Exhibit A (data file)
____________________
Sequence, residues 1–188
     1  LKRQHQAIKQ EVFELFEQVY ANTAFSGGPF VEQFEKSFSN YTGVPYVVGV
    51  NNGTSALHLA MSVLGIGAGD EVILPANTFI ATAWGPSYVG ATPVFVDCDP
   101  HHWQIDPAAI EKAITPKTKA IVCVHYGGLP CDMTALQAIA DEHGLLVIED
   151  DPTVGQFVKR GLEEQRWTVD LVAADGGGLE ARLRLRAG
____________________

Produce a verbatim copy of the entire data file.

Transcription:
Sequence, residues 1–188
     1  LKRQHQAIKQ EVFELFEQVY ANTAFSGGPF VEQFEKSFSN YTGVPYVVGV
    51  NNGTSALHLA MSVLGIGAGD EVILPANTFI ATAWGPSYVG ATPVFVDCDP
   101  HHWQIDPAAI EKAITPKTKA IVCVHYGGLP CDMTALQAIA DEHGLLVIED
   151  DPTVGQFVKR GLEEQRWTVD LVAADGGGLE ARLRLRAG